Scott, that's certainly true. I agree that a photographer will have to keep different scenarios in mind, but I was thinking, just how tricky is knowing where we stand from a practical standpoint, and how many lenses will any of us have to worry about.
For this exercise, I'm only going to look at FX lenses since this is the D800 forum.
We can eliminate lenses with max apertures of f/2.8 or greater, and I'll also eliminate lenses which aren't at least 200mm since it's unlikely anyone would use a teleconverter on them. That leaves us 12 FX lenses in the Nikon stable.
We can take out 6 of those lenses if we only use a 1.4X teleconverter, as their max aperture is f/4.
So for 6 lenses, and perhaps 12, in the Nikon stable, one would have to worry about the 3 scenarios, but for all practical purposes I think you really have to worry about the f/5.6 and f/8 scenarios and most of the time it will be the f/5.6 scenario.
Without using a teleconverter all the current Nikon lenses will use the f/5.6 scenario at all focal lengths.
If the lens is a prime, the teleconverter magnification will directly dictate the scenario, as will be the case with a fixed max aperture zoom lens, but if you're using a zoom lens with a variable max aperture it could become a complicated mix of scenarios.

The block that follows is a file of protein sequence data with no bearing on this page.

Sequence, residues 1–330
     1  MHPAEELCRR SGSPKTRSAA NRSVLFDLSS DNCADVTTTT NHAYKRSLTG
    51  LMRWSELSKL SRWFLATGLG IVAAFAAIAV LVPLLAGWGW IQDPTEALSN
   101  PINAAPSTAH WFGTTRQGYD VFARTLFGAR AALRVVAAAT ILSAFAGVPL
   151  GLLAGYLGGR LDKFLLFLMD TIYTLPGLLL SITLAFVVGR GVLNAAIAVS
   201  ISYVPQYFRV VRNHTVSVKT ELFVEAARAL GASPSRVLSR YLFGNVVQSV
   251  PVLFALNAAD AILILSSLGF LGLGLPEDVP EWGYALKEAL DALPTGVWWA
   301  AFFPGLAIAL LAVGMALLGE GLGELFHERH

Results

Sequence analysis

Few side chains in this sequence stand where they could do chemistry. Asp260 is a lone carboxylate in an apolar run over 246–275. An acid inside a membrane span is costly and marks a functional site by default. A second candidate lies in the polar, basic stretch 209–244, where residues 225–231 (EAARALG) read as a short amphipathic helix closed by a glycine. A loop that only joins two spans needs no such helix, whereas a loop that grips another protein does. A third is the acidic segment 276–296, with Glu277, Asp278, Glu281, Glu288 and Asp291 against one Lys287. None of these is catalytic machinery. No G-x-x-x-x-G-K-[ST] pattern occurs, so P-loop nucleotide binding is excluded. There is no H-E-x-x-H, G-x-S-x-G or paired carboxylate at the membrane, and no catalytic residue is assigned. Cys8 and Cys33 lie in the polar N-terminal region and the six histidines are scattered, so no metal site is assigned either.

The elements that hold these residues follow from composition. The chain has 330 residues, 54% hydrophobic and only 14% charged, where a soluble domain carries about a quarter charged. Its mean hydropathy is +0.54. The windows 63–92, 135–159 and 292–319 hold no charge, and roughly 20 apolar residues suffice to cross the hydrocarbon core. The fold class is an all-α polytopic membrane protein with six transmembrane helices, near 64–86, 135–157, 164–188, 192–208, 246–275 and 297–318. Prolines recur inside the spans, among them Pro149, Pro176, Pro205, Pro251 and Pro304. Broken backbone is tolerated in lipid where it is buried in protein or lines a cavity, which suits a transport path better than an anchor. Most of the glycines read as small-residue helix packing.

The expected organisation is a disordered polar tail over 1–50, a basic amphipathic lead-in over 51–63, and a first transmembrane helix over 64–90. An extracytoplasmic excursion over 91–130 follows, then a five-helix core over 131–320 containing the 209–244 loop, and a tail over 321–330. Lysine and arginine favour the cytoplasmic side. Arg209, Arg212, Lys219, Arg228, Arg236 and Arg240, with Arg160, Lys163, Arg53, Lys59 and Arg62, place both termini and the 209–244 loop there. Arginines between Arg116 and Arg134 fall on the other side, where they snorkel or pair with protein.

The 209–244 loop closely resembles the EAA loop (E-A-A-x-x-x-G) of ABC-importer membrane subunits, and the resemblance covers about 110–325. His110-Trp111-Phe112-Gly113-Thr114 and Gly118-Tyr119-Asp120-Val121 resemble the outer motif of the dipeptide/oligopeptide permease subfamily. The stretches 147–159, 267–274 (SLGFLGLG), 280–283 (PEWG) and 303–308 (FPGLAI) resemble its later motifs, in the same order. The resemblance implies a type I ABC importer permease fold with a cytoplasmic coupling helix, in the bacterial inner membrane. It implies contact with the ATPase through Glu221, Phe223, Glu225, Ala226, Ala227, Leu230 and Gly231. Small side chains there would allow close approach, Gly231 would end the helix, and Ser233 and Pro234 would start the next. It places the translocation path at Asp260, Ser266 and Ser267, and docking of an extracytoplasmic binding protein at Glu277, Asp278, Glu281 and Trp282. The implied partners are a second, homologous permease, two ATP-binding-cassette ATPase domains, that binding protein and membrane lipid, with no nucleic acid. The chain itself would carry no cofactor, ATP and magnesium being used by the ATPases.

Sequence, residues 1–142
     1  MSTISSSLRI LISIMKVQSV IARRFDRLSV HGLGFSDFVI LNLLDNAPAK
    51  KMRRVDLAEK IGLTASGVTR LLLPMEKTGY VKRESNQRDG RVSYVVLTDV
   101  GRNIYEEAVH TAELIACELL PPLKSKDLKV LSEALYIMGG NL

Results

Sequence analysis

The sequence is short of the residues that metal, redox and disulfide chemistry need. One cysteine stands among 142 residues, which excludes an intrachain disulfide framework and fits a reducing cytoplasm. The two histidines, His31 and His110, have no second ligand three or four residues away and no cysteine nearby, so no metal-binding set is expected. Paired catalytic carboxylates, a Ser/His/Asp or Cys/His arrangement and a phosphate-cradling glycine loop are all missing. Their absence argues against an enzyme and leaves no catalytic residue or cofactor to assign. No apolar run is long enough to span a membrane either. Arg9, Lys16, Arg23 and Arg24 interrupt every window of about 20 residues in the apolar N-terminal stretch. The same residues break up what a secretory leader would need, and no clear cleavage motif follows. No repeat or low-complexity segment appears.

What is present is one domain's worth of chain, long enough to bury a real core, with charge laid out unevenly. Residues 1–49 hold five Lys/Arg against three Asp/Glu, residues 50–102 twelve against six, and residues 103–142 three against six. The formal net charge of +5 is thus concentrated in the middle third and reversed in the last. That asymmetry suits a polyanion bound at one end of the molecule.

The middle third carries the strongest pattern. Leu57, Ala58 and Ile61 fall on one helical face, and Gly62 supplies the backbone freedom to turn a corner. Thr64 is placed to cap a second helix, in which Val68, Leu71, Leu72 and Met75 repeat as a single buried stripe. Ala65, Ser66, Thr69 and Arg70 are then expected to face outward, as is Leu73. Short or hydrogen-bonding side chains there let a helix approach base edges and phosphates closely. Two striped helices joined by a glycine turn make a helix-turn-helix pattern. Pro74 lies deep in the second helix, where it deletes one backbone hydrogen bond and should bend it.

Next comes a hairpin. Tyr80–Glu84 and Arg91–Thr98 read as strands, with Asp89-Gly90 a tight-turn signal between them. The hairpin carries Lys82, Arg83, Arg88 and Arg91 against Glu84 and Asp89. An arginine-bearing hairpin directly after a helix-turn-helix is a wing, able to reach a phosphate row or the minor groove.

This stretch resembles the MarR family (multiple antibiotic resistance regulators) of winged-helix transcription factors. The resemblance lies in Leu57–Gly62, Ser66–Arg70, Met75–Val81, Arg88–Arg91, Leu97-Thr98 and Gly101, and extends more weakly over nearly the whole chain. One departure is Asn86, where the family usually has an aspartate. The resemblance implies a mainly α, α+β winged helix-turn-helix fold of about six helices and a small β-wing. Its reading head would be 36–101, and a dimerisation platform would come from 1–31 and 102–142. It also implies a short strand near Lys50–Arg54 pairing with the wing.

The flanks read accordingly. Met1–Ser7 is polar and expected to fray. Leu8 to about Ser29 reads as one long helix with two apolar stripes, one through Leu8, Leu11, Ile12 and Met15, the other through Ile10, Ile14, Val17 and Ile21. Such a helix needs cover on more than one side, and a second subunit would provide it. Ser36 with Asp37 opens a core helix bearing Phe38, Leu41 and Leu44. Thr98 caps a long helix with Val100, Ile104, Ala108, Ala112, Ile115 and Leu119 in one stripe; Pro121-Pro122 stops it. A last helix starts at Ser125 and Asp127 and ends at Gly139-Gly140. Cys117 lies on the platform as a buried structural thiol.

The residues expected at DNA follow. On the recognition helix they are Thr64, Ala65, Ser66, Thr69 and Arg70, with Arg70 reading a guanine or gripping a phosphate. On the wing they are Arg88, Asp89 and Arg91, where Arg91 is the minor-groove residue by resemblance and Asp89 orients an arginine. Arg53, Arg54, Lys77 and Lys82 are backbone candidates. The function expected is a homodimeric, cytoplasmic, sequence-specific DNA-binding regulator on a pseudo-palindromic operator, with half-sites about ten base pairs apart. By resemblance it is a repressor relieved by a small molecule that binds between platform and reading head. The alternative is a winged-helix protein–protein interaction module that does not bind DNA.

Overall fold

Practically speaking, when you're using a teleconverter, with a zoom lens, you're generally using the lens at or close to it's max zoom. Yes I know there are exceptions, but I presume not many. Therefore it will rarely be at any max aperture except it's least open max aperture. So, with an f/5.6 max aperture for the lens itself, you'll jump right to f/8, and its scenario. You'll rarely, if ever, worry about an in between scenario.
Note, I'm discounting above f/8, for practical purposes.
From my personal experience with my AF VR Zoom-Nikkor 80-400mm f/4.5-5.6D ED and the new AF-S version which I tested, with a 1.4X teleconverter taking the lens to f/8, AF is significantly degraded even on a D800 or D4. I found that's true on my AF-S 500mm f/4 with a 2X teleconverter. I find that most of the time with that combination, I'm manually focusing. When the max aperture is just f/8 the amount of light those AF sensors get is mighty small, so they don't work very well at that point, but at f/9.5 or f/11, AF, for all practical purposes comes to a screeching halt.
Therefore I'm going to suggest that in the practical world we need generally only remember 2 scenarios and we'll make out well, and we'll only have to worry about that with a few lenses in our camera bags.